Agonal economics involves play, and the aporiac ambivalence of the ludic returns throughout the economic mystery. Is play a means to something else, like an exercise that leads to health, or the development of a skill? Or is play an absolute that is satisfying in itself, such that there is no further end beyond it? Superior and inferior qualities of play can be differentiated, though their discernment may prove non-trivial. At the lower end might be simple games played with animals or young children, whereas superior play might involve a more mysterious circuitry of substitutions. Play can be improved through learning, and superior play allows for a more satisfying circulation of affective tensions.
Play emerges as an antidote for the obsessional tendencies which are common in industrial society. These are calculative pathologies which afflict accountants and legalists, and we might also refer to these sicknesses as call symbolic obsessions. This an idealization of calculation which expects an exact equivalence between terms exchanged, and which leads to delusional imbalances. David Graeber points to the emergence of currency in the axial age as an origin of these tendencies, where there was the balancing of exchangeable metals so that relational terms could be perfectly symbolized. These obsessional calculations lead to a simulacra where symbolic economy is disjunct from affectations, and the ludic emerges as what has been excluded from the rational economic.
Industrial society reduces exchange to the countable such that money is idealized as the real thing, and other non-monetized exchanges become subordinate. But then the ludic returns as the singular pressure of the inexchangable physiological tensions which have been excluded from the economic domain. This dimension of excluded tensions is the mystery of the ineconomic. But play itself can evolve to become calculative, such as the gamification of markets. The ineconomic is always contaminated with calculation and never monopolizes the ludic.
Unable to monetize, unexchangable drives are expelled into the cracks between economic determinations. The sites for economic exchange are institutionalized into a partitioning which leaves these forces without any chance for social expression. Some traped energy seeks release into a broader circuit of substitution. The ineconomic mystery is the return of what has been excluded from the economic, where the excluded byproducts of economic determination are positively expressed.
This mystery of the ineconomic allows for a metalyptic reconfiguration of heterodox Christianity. The mystery goes unexpressed in its raw depth, where it only exists as an invisible and unstable excluded potential from which expression might arrive. The course of its expression must pass through a series of contingent relays where it is conceptualized and figured. Expression in this sense is something like what heterodox Christians called emanation.
The mystery brews in the gaps of monetization which is divide into nationality, eroticism, food, travel, education, clothing, media, and art. It’s surging strains this representational net, though it only reaches the threshold of symbolic expression through sufficient marshalling. The scene of the event requires a long process of composition and the evolution of codes so that it can reach the threshold of expression.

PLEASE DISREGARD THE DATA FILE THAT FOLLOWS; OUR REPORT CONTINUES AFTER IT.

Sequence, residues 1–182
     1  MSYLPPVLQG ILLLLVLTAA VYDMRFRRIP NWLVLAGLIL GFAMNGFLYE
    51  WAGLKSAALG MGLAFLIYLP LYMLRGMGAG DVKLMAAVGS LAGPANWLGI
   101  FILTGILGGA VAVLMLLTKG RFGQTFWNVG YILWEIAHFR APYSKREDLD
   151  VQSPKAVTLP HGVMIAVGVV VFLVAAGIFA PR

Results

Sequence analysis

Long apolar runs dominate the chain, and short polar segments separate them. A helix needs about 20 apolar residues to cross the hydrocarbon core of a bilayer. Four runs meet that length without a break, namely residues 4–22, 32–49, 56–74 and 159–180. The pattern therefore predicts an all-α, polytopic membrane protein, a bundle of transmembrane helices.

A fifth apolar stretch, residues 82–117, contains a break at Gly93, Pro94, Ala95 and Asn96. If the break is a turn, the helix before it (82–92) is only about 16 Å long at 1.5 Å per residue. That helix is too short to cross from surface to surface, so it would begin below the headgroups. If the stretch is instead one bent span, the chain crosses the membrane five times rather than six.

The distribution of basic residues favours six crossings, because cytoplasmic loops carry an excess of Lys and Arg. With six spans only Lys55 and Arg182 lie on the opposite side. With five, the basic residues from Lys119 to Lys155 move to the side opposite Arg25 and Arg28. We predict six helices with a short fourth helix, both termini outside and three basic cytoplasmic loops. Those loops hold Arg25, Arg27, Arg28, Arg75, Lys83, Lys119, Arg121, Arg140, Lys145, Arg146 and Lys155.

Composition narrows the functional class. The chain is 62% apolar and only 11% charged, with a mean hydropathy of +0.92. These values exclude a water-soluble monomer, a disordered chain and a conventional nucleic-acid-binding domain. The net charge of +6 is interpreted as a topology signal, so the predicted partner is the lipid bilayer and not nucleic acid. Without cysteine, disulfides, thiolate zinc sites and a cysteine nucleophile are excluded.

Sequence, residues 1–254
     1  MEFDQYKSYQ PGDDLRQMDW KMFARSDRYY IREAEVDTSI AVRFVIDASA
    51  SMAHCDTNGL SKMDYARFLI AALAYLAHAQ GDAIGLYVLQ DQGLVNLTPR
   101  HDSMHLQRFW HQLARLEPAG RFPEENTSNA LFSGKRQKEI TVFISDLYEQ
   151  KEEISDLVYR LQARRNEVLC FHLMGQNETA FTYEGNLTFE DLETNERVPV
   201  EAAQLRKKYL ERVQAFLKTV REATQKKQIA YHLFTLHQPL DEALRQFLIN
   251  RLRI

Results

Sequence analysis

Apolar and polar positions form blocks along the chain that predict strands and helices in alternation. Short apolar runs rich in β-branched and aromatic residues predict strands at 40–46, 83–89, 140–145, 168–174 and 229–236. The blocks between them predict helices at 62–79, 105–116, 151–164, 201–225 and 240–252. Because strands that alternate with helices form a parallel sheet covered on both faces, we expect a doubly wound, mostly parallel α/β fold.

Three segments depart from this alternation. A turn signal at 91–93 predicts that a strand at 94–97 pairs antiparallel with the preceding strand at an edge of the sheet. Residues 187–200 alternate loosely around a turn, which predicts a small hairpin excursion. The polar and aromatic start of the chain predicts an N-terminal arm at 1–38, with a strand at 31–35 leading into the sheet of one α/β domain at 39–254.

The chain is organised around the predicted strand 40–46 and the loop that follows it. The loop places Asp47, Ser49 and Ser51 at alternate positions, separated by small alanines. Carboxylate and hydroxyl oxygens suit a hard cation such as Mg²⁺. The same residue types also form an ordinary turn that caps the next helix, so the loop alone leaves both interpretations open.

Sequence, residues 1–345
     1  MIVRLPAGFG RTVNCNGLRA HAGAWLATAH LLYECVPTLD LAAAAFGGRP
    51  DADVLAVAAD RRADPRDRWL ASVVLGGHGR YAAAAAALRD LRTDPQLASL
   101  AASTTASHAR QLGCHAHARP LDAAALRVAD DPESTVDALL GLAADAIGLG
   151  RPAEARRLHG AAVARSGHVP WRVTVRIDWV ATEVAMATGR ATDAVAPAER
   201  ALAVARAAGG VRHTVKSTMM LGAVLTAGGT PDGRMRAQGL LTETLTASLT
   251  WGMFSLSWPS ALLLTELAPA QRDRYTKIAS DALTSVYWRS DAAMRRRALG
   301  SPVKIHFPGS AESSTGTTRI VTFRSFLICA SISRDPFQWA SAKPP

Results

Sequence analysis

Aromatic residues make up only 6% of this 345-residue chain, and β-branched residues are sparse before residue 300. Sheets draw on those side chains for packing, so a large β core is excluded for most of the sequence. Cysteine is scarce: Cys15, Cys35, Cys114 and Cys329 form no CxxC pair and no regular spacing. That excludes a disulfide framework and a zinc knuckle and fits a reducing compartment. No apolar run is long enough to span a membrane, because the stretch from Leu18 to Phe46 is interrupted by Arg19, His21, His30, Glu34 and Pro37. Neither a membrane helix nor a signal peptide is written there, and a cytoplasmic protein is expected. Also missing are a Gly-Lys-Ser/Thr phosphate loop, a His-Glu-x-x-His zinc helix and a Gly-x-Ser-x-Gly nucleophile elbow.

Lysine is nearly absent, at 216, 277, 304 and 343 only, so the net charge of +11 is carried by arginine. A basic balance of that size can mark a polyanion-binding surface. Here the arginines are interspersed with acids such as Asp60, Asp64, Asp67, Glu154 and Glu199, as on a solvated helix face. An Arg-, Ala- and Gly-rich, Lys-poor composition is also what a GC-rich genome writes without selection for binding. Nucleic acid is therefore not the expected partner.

The ineconomic mystery can be approached as a reinterpretation of Marxism. This concerns the theory of how contradictions in capitalist society get pushed onto exploited populations, until there reaches some limit where the contradiction boomerangs back and transforms the society. His model can be criticized for being too orthodox in its Christianity, which is to say that it remains too soteriological, or too closely connected with formalized monetary exchanges. This line of criticism has been overlooked because people are either confident that Marx was an atheist or else they are eager to brandish his orthodox religious credentials. The problem is how the Marxist emphasis on exploitation inscribes culpability, along with the heroic suffering of the exploited proletarian, which creates a transcendental religiosity. Though without this religiosity his thinking would have surely never spread, so we might say that his doctrine was spiked with opium. The essential mistake was how a naively idealistic economics is tragically caught up in the zero-sum logic of bourgeois accounting which stirs the cruel spirituality of ancient legalism.
Marx showed little appreciation for the unique characteristics of Germanic Christianity, and how the medieval mysteries evolved through the Reformation. In that tradition we can find resources for an economics of the incalculable. Marx criticized bourgeois economics for the unfairness of its calculations, but the more serious flaw was its overemphasis on calculation, and so his criticism ultimately exasperated this shortcoming. He called for superior calculation rather than the subtraction of calculation, and there he shared the archaism of the bourgeoisie. But in the writings of Paracelsus and Bohme we discover an aesthetic economy that refused both catholic and reformed orthodoxies, in that it refused to consider salvation as transactional and rejected the idea that suffering could be a payment. The rejection of clerical accounting allowed for the preservation of the mystery of the mysteries. This was the point where Nietzsche focused his opposition to orthodox Christianity, against the barbarism of soteriological calculation associated with the figure he called the Redeemer. The German alchemists made the mystery of incarnation into a zone of aesthetic incalculability, and this site provides unique resources for opposing liberal economics. But even George Bataille failed to recognize this opportunity. He mistakenly criticized Hegelian dialectics with Eckhardian negative theology and didn’t appreciate that Hegel’s aesthetic was Boehmian alchemy.